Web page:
maria usbeck

Maria Usbeck – Envejeciendo (Cascine)

“They say wisdom grows with every silver hair.” (‘Un Cabello Gris’). There’s a point in life where one suddenly thinks about their own mortality. For Ecuadorian Maria Usbeck, like many other humans, it was when she spotted her first grey hairs. This realisation that you’re starting to dramatically age can be viewed in two ways: with sadness or with humour. Envejeciendo, the second release from the Ecuador-born Brooklyn-based musician, translates in Spanish as “getting old”, and over the course of its short album (just the 8 tracks) it effectively analyses various aspects of the aging experience with both dread and a tongue in cheek perspective. Like her multicultural debut Amparo, her insights are gathered from various sources: from Japanese culture, to an aging New Zealander and her own late grandmother.

Envejeciendo regularly switches from her native Spanish to her learnt English within the same track. Opener ‘Adidos A Mi Memoria’ (Goodbye to My Memory) is bilingual and features the worrying lines “every day is a new day, I can’t remember what I did yesterday”. Maria Usbeck has recently watched her grandfather experience elements of Alzhemier’s disease and the song tackles one of the worst parts of aging. It introduces the intriguing electronica sound Envejeciendo; disjointed, experimental synth-future-pop compositions with manipulated vocals and sound clips.

Un Cabello Gris’ – which sounds like a combination of the mystical and nocturnal ambience of Little Dragon with the quirky harmony of Stealing Sheep – recalls the vital concept-birthing conversation in which her friend pointed out Usbeck’s grey hairs: “I see something in your hair, I think it’s dead / Is this something that you knew that grew?” ‘Amor Anciano’ – a surprising bouncy and happy track reminiscent of a child-friendly educational programme – actually features a soundbite of a conversation by Maria Usbeck’s grandmother in which she reminisces about the romance in her life and how it could have gone in a different direction. She also sings about an elderly man from New Zealand whom she met that also confessed about his lost loves.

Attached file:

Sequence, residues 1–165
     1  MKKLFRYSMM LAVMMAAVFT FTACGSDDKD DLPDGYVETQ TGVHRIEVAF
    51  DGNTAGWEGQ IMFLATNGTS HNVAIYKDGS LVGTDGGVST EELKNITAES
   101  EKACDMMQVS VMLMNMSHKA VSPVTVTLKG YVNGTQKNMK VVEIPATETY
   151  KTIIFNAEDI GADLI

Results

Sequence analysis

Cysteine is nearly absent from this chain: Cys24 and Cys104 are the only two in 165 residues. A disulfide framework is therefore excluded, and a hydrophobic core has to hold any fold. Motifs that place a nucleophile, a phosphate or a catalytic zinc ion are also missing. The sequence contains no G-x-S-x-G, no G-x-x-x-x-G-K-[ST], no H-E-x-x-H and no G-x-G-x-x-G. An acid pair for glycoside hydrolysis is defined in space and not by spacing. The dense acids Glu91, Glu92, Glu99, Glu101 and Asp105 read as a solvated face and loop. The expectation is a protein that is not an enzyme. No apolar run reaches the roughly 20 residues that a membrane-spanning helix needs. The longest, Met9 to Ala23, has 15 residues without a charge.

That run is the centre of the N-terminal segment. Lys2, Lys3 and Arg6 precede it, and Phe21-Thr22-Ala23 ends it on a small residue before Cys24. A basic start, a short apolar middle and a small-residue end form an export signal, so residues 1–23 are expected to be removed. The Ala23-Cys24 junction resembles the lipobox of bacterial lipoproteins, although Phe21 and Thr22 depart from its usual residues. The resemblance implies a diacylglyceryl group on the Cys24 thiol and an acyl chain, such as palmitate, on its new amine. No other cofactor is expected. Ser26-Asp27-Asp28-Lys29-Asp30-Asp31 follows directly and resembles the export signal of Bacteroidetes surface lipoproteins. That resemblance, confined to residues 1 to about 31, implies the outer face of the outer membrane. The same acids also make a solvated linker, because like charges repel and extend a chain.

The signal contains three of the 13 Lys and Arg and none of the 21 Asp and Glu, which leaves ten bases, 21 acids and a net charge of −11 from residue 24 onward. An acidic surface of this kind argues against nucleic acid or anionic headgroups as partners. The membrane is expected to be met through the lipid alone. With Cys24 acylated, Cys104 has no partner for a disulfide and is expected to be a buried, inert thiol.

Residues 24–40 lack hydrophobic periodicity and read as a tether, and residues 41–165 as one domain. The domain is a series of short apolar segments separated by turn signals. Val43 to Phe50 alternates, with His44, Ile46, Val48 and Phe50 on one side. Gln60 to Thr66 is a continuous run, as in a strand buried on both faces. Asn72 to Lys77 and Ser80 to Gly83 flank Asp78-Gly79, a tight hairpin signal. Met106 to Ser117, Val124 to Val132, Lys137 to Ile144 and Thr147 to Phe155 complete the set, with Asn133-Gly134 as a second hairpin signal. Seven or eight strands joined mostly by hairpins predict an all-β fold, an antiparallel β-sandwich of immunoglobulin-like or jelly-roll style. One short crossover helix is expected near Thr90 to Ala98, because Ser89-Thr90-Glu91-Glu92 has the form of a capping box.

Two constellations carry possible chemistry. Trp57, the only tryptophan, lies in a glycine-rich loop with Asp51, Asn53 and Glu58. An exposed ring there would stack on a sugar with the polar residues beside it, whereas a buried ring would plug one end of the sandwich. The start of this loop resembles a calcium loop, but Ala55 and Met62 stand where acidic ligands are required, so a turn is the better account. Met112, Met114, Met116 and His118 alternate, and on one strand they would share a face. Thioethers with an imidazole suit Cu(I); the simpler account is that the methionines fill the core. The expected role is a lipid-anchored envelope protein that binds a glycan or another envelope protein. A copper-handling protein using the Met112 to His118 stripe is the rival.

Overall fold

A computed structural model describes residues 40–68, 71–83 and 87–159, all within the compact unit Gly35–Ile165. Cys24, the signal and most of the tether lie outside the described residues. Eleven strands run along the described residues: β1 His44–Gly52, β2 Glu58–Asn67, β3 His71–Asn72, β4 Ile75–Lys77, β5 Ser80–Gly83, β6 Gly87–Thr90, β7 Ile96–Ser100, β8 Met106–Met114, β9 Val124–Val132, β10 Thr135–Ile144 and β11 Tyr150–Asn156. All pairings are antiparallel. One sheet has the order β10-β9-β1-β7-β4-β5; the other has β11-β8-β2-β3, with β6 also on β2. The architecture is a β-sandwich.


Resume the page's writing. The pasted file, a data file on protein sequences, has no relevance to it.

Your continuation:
The album’s closer ‘Nostalgia’  is a soothing, echoey and hypnotic late night-dance track that addresses the unavoidable moment when you start to lose touch with what’s culturally popular as you get older.”No me gusta, no sé por qué/Será que es nostalgia/Tal vez es la vejez” (“I don’t like it, I don’t know why. It will be nostalgia. Maybe it’s old age.”) Futuristic and squelchy ‘The Machine’ is similar in its ignorance but rather than culture, it’s the latest machines that are hard to comprehend. The track effectively grows more disorientating as the person’s query of “How does this machine work?” is overtaken by the robotic voices of “does not compute” and the reading of a Wikipedia page by a virtual assistant such as Siri or Alexa.

However, the meditative ‘Retirement Home’ and the Oriental-flavoured downtempo track ‘Secrets In Japan’ praise the idea of old age with the former imagining an old folks facility as a place of blissful happiness, almost like a persuasive advertisement for a suspiciously heavenly place. With “recreational facilities, they all here for us. And at the weekends and evenings we have extra fun.” An instructor also seems to be teaching the residents a form of yoga in the song too. Furthermore ‘Secrets In Japan’ acts as a guide – kind of like Baz Luhrmann’s ‘Everybody’s Free To Wear Sunscreen’ – on how to live longer as learnt from the country with the highest average life expectancy. They seem like answers to the question How do you do it? – “good air”, “good food.” and “I don’t know” are some of the many answers.

Musically Envejeciendo is very different from Maria Usbeck’s debut Amparo, which had a large of array of percussion instruments and exotic compositions to reflect her Ecuadorian background and world travels. It may not be as enjoyable or exciting as a listening or sing-along experience but its concept is stronger, more alluring and more relatable. The album’s lack of time period means that Usbeck and others can enjoy the album’s aging messages even if they reach the grand old age of eighty.


God is in the TV is an online music and culture fanzine founded in Cardiff by the editor Bill Cummings in 2003. GIITTV Bill has developed the site with the aid of a team of sub-editors and writers from across Britain, covering a wide range of music from unsigned and independent artists to major releases.